So what is not to like about this? It’s pretty elegant, cross platform (iOS/Android/browser on any platform, I’ve even used this with Kindle Keyboard browser), and free. Reading position sync as well. It’s not quite as versatile as Kindle’s Personal Documents service, except for the ability to read with a browser on any platform (with a reduced feature set).

    My complaint would be with reading systems (Kobo, Apple, B&N etc.) that don’t offer cloud storage for one’s own content, and ability to sync between devices.

    And the idea that PDF wasn’t supported? I’ve been using this feature since its inception, and have uploaded a number of PDFs over that period to my GB library, with no interruption in service.

    1. Nate Hoffelder31 January, 2014

      I could be wrong on the iOS app, but not Android. I’ve seen the upload happen (and not been able to touch the ebook until after), and there are a couple ebooks in my Google Play account that I didn’t put there.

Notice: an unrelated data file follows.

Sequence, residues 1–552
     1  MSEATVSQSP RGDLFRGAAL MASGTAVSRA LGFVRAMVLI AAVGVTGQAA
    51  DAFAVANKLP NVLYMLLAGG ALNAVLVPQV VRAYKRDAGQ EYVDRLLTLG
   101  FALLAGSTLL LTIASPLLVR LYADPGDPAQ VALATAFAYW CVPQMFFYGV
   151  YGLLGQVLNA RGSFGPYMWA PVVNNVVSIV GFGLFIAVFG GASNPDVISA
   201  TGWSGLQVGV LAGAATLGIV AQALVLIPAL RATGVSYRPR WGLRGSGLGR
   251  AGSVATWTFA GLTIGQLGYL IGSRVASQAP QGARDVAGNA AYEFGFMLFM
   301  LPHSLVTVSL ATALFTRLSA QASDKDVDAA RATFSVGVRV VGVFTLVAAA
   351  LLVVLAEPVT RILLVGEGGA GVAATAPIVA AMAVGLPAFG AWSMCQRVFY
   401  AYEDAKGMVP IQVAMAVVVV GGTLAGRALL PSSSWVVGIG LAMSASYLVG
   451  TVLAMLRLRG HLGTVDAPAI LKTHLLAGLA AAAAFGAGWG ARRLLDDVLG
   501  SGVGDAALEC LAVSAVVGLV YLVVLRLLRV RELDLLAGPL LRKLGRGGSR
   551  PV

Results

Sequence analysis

If the app doesn’t upload then the changelog is wrong:
      Upload PDF or EPUB files to your library. Enable PDF support in Settings, then touch a file in email or Downloads and choose Upload to Play Books.

      But you are correct about incremental downloads. Someone told me about them yesterday:

      And as for PDFs, there are reviews (and blog coverage) that suggest that the feature was there but then it vanished after an update 10 days later. You probably didn’t install the update.

    2. Ben Hollingum31 January, 2014